Rolling Stones songs: Sway
*Click for MORE ROLLING STONES SONGS 1962-PRESENT
Ain’t flinging tears out on the dusty ground/ For all my friends out on the burial ground…
Written by: Jagger/Richard
Recorded: Rolling Stones Mobile, Stargroves, Newbury and Olympic Sounds Studios, London, England, March-May 1970
Guest musicians: Nicky Hopkins (piano), Paul Buckmaster (strings)
*Data taken from Martin Elliott’s book THE ROLLING STONES COMPLETE RECORDING SESSIONS 1962-2012
This song deals with depression, and not being able to enjoy the simple pleasures in life.
This was the first song recorded at Stargroves, a mobile recording studio built for The Rolling Stones outside Mick Jagger’s house in England. Led Zeppelin would use this studio for much of their work.
Paul Buckmaster, known for his work with Elton John, arranged the strings.
Mick Jagger played the rhythm electric guitar on this track.
This song is appreciated among Stones fans notably for its distinctive outro, which features a solo guitar that was played by Mick Taylor and complemented with a string section. Taylor explained: “I added my solo to ‘Sway,’ but it’s very much Mick (Jagger)’s song. I don’t think Keith’s on it. It had a great, loose feel. Mick played rhythm guitar on that. He’s a great rhythm player. My theory is he has a natural feel and that’s also why he’s such a great dancer.”
From the The Rolling Stones – All the Songs book:
“Sway” is perhaps the perfect musical manifestation of that morbid triptych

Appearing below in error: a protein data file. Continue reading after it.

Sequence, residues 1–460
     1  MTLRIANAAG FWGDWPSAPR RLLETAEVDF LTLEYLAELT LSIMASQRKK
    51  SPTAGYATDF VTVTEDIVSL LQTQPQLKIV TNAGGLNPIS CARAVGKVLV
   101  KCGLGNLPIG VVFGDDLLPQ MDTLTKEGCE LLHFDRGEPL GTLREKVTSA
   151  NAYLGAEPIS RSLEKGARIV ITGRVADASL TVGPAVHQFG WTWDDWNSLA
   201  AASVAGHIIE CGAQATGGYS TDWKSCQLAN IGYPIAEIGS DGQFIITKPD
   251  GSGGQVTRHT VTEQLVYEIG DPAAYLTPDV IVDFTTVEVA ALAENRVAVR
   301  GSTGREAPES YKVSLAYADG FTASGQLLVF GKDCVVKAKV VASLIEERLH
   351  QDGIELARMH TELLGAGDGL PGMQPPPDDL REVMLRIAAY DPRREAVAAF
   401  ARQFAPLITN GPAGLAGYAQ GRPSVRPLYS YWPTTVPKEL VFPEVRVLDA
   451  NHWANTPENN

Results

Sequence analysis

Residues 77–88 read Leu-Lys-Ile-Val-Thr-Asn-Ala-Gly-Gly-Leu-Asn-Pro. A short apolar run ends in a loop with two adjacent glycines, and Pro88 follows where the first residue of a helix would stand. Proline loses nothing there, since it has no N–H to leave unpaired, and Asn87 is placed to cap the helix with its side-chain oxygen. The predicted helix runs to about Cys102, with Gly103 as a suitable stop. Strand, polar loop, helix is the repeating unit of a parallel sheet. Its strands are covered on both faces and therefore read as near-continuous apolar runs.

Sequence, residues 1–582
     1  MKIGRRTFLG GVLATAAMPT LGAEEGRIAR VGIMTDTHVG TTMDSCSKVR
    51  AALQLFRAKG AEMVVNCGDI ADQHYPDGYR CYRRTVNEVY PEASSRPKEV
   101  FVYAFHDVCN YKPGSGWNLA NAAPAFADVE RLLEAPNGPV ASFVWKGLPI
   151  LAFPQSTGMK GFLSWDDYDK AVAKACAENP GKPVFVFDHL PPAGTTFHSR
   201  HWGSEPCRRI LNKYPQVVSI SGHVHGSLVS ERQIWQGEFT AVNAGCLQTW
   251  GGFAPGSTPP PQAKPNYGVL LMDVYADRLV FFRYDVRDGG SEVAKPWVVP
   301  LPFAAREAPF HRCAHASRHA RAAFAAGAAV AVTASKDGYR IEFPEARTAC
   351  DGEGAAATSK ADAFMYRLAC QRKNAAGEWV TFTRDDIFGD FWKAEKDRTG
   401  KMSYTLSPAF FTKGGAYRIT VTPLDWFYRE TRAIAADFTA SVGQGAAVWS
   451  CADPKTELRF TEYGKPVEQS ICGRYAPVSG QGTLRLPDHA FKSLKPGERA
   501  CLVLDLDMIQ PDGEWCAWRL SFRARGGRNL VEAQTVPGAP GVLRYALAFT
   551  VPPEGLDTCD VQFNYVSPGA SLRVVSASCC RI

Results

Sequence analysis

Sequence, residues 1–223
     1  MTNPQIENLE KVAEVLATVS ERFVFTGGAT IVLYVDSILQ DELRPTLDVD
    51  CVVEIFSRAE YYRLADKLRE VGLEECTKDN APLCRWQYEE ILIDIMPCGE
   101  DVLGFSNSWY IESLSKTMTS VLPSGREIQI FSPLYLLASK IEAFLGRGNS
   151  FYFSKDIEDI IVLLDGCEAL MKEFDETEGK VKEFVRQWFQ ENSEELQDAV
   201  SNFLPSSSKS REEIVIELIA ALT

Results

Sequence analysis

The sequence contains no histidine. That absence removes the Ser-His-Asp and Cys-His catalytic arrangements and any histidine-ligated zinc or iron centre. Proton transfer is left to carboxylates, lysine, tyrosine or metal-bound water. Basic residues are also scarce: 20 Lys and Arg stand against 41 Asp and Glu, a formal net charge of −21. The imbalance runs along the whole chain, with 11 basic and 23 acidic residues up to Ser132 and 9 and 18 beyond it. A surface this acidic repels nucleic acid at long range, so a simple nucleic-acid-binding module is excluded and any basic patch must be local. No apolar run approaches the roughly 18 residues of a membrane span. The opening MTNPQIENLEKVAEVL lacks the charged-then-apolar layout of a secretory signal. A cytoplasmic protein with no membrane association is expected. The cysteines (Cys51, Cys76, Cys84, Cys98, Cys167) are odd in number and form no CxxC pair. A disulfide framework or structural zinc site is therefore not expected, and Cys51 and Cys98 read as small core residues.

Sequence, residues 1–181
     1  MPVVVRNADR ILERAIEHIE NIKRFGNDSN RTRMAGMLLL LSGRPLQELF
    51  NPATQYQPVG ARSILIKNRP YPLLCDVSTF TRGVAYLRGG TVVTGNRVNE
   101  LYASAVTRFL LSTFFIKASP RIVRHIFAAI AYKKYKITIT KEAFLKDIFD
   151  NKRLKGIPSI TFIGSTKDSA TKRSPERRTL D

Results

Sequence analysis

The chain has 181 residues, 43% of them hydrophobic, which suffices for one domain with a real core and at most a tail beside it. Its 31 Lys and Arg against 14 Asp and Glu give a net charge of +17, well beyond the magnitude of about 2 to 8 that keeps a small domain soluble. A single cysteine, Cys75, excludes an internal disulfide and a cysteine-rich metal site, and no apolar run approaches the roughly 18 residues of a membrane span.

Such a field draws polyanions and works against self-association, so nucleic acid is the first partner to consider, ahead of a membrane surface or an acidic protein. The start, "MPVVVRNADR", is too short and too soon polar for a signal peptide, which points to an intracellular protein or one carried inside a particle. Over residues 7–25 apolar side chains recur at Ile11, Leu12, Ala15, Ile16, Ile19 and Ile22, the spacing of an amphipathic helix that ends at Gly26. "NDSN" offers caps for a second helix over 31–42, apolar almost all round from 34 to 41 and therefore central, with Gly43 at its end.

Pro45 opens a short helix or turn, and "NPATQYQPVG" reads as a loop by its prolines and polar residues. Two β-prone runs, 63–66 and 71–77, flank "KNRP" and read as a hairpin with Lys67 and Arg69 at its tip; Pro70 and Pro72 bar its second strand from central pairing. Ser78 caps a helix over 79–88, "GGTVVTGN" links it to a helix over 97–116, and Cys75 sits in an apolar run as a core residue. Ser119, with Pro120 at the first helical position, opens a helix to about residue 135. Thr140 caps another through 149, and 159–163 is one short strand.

of sex, drugs, and rock ’n’ roll. Or rather of the price to be paid for a life in
their grip. The gaze leveled by Jagger at the world of the rock star is frankly
lugubrious. The character in the song wakes up for a spirit-sapping day, a
day that is going to destroy any notion he may have of circular time
because he is in the grip of a demon life. The second verse is sung in the
first person and its message is even bleaker: Ain’t flinging tears out on the
dusty ground for all my friends out on the burial ground. And nor are the
groupies able to restore any sense of hope to the narrator: One day I woke
up to find right in the bed next to mine someone that broke me up with a
corner of her smile.
The bitterness felt by the character in the song is most probably a
reflection of what Mick Jagger and the other Rolling Stones were feeling
after the tragedy of Altamont. The verdict is a painful one: society is violent
—and there is no reason to believe it will ever be any different. “Sway” was
the first song to be recorded by the Stones in autumn 1970, when they
returned to Stargroves, the Hampshire manor house purchased by Mick
Jagger a few months earlier, to use the technical facilities offered by their
mobile recording studio.
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